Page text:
Wednesday, December 19, 2012

In Anticipation: "Django Unchained"

Not a fan of the iconic director of such gems as Pulp Fiction, Kill Bill, and Reservoir Dogs? Too much dialogue you say? Over stylized and gratuitously violent? One person's criticism is another's compliment and those common gripes are actually valuable tools Quentin Tarantino uses to great advantage, which undoubtedly leave a personalized stamp on his films. They are also why I am a fan of his work and am taking aim at Django Unchained for the latest segment in our In Anticipation series. Like it or not, it opens wide on December 25 and will hopefully bring his usual blend of dark humor and searing grittiness that we (at least this guy) have grown to love. 

Inside, you will find an official synopsis, a theatrical trailer, and some of my thoughts going into the movie.

-Synopsis-
Set in the South two years before the Civil War, “Django Unchained” stars Academy Award®-winner Jamie Foxx as Django, a slave whose brutal history with his former owners lands him face-to-face with German-born bounty hunter Dr. King Schultz (Academy Award®-winner Christoph Waltz). Schultz is on the trail of the murderous Brittle brothers, and only Django can lead him to his bounty. The unorthodox Schultz acquires Django with a promise to free him upon the capture of the Brittles – dead or alive.


Success leads Schultz to free Django, though the two men choose not to go their separate ways. Instead, Schultz seeks out the South’s most wanted criminals with Django by his side. Honing vital hunting skills, Django remains focused on one goal: finding and rescuing Broomhilda (Kerry Washington), the wife he lost to the slave trade long ago.


Django and Schultz’s search ultimately leads them to Calvin Candie (Academy Award®-nominee Leonardo DiCaprio), the proprietor of “Candyland,” an infamous plantation where slaves are groomed by trainer Ace Woody (Kurt Russell) to battle each other for sport. Exploring the compound under false pretenses, Django and Schultz arouse the suspicion of Stephen (Academy Award®-nominee Samuel L. Jackson), Candie’s trusted house slave. Their moves are marked, and a treacherous organization closes in on them. If Django and Schultz are to escape with Broomhilda, they must choose between independence and solidarity, between sacrifice and survival…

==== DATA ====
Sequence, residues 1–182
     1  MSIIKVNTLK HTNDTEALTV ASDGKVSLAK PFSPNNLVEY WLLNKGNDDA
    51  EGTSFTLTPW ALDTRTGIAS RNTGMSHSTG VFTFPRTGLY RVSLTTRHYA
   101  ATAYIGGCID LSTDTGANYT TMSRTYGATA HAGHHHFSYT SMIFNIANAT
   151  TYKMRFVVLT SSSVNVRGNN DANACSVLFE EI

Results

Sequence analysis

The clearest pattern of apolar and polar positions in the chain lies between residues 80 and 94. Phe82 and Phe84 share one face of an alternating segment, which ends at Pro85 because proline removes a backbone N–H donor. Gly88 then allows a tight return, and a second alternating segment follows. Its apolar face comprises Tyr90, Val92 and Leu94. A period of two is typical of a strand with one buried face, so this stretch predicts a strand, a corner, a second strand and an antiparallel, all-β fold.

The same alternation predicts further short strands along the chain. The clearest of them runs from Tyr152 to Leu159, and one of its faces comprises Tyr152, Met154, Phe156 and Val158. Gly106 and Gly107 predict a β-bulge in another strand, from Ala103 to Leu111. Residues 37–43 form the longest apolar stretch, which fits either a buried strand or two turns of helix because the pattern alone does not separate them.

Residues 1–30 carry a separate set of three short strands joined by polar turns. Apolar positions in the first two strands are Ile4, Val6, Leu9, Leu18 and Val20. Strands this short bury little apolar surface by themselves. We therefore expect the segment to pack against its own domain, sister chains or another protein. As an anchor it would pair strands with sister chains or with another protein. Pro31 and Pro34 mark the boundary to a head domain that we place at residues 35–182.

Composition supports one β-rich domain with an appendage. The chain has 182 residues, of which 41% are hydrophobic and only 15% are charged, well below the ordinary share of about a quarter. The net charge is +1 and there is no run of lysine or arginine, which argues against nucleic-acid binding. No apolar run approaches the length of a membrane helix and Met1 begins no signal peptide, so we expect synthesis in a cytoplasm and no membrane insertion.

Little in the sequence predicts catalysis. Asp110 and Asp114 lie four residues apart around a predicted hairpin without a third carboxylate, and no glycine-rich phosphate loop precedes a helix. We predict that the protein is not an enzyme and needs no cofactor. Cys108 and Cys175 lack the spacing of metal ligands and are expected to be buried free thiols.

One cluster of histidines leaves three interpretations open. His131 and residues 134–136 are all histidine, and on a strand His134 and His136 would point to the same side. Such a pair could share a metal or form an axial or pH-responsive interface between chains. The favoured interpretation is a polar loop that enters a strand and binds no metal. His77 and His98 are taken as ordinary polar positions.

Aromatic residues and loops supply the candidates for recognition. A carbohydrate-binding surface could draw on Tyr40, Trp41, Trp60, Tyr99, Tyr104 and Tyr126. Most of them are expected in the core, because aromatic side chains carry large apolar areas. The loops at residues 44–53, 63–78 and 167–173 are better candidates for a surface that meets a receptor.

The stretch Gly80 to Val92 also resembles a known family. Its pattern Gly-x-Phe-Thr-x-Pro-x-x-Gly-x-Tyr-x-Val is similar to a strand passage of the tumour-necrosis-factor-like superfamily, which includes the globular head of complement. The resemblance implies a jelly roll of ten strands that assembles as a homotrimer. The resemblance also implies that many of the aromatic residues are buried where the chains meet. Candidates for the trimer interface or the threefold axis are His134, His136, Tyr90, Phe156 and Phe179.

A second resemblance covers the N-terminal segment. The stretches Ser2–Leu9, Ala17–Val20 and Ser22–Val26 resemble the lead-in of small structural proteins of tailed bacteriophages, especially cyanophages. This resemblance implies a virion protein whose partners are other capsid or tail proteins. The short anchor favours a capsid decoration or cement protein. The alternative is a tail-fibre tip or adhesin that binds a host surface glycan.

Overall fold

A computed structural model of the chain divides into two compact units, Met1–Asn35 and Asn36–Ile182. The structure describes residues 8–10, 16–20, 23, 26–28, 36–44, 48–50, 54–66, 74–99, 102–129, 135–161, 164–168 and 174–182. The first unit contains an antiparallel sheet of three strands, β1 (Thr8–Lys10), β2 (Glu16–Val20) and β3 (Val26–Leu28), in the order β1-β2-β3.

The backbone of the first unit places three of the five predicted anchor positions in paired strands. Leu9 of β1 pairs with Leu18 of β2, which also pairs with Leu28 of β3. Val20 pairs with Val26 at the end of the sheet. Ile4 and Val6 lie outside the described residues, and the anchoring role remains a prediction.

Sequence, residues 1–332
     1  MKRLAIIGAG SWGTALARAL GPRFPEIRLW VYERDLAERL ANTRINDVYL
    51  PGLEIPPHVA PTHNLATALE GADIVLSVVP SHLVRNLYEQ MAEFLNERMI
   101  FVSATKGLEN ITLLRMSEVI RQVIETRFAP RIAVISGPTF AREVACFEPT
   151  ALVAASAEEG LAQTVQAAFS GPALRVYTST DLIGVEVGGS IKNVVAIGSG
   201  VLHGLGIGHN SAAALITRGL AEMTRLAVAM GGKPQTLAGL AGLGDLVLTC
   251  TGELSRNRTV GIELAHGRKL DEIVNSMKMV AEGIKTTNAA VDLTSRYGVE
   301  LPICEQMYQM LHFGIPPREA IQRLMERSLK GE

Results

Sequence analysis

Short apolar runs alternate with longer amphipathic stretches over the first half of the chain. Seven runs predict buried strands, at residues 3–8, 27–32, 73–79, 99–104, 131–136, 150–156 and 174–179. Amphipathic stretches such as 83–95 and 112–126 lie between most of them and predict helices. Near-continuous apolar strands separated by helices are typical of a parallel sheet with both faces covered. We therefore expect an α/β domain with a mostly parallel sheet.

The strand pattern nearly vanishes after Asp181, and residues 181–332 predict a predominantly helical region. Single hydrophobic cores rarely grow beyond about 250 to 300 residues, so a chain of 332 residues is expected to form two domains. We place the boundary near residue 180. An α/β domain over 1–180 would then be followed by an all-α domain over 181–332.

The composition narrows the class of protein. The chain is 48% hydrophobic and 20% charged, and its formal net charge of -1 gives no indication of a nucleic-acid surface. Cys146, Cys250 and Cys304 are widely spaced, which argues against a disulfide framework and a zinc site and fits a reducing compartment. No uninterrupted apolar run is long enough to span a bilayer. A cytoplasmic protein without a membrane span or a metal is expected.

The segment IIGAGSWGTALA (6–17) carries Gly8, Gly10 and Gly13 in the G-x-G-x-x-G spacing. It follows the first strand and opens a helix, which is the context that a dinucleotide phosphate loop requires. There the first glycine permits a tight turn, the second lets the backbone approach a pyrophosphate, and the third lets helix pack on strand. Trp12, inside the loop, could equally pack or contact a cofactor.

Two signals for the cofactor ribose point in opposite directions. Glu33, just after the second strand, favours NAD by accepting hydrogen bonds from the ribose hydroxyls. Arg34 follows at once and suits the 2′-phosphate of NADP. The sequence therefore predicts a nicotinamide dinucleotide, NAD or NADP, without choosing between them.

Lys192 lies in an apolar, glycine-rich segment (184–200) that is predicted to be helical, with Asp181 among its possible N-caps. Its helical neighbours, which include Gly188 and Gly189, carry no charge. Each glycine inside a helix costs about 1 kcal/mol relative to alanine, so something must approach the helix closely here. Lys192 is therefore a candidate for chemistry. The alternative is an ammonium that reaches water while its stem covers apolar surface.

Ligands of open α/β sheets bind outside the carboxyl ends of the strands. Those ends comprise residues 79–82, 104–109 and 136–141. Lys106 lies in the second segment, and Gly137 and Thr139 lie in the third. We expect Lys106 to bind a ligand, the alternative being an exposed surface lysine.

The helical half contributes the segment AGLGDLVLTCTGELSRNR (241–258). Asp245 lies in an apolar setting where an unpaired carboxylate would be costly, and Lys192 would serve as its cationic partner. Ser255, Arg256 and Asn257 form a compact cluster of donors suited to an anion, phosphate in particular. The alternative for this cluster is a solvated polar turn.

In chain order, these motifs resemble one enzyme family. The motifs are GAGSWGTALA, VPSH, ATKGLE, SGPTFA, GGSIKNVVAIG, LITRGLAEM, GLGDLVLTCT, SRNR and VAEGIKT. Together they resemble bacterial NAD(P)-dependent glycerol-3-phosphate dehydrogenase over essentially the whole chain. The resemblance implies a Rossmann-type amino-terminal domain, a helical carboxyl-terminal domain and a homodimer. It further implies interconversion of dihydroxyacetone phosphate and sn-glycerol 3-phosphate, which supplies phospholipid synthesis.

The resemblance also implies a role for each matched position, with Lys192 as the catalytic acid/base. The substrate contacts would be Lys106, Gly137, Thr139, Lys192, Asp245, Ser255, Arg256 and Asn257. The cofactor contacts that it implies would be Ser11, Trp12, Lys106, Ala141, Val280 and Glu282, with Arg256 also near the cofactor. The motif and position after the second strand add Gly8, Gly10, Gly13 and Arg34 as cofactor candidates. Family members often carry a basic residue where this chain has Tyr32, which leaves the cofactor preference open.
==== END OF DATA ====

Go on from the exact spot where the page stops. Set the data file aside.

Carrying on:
Let's take a minute to appreciate the casting choices. We have some Tarantino veterans assembled, which is expected and more than welcome, but two of the notable newcomers are Jamie Foxx and Leonardo DiCaprio. I think it's safe to say that DiCaprio's performance is going to be a main draw for a lot of people (me included), especially considering the campy style the trailer seems to be displaying and his usual reluctance to find roles outside of a more grounded, dramatic spectrum of character personalities. As for Foxx, I'm fine admitting that there was a certain level of doubt upon hearing his involvement in Django, but after some reflective thought, it became evident that he was a very inspired choice. Let's not forget that Foxx is no stranger to both comedy and drama - he got a huge start from the hit sketch-comedy television show, In Living Color, and has received a frickin' Academy Award. Basically what I'm saying is, the guy has range - let's give him a chance here.

A very crucial point I have to make is that this is the first film by Tarantino that will not be edited by long time collaborator, Sally Menke. Now, a general movie goer might think that this isn't a big deal. However, editing is an unceremoniously crucial aspect of film-making that many take for granted, and Menke is just as responsible for the style and narrative structure in a Tarantino film as Tarantino himself. Will her absence hurt Django, or is the Tarantino style and structure such a formula by this point that editors with similar instincts will be able jump in and achieve the same level of quality we have come to expect? 

Fortunately, some reviews are already in and they are mostly positive. My big fear was that the tone of the film, however it may be, might not mesh with the racial conflicts and slavery plot. Now that I see the level love for this film from my movie peers, I can rest assured that Tarantino has found a way to balance the intense violence, funny dialogue and potentially offensive material into a film that not only entertains, but points a finger at a dark time in American history. Looks like I know what my plans are for Christmas Day!